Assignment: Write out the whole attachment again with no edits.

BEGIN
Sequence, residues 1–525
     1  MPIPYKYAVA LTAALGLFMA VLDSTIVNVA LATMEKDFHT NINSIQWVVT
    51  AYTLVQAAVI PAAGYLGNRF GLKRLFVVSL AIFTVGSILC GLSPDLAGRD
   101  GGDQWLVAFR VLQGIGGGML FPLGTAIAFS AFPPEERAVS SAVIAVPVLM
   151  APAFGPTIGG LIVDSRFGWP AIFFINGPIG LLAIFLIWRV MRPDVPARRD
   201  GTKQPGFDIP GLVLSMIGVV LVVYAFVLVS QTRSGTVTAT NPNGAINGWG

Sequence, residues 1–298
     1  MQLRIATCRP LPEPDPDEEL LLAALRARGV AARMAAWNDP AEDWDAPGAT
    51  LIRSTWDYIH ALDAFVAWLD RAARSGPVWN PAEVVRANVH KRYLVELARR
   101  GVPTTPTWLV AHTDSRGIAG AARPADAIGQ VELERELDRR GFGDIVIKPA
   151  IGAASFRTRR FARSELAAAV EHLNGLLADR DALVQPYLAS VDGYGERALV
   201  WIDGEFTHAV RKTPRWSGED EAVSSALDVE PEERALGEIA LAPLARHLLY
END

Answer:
Sequence, residues 1–525
     1  MPIPYKYAVA LTAALGLFMA VLDSTIVNVA LATMEKDFHT NINSIQWVVT
    51  AYTLVQAAVI PAAGYLGNRF GLKRLFVVSL AIFTVGSILC GLSPDLAGRD
   101  GGDQWLVAFR VLQGIGGGML FPLGTAIAFS AFPPEERAVS SAVIAVPVLM
   151  APAFGPTIGG LIVDSRFGWP AIFFINGPIG LLAIFLIWRV MRPDVPARRD
   201  GTKQPGFDIP GLVLSMIGVV LVVYAFVLVS QTRSGTVTAT NPNGAINGWG

Sequence, residues 1–298
     1  MQLRIATCRP LPEPDPDEEL LLAALRARGV AARMAAWNDP AEDWDAPGAT
    51  LIRSTWDYIH ALDAFVAWLD RAARSGPVWN PAEVVRANVH KRYLVELARR
   101  GVPTTPTWLV AHTDSRGIAG AARPADAIGQ VELERELDRR GFGDIVIKPA
   151  IGAASFRTRR FARSELAAAV EHLNGLLADR DALVQPYLAS VDGYGERALV
   201  WIDGEFTHAV RKTPRWSGED EAVSSALDVE PEERALGEIA LAPLARHLLY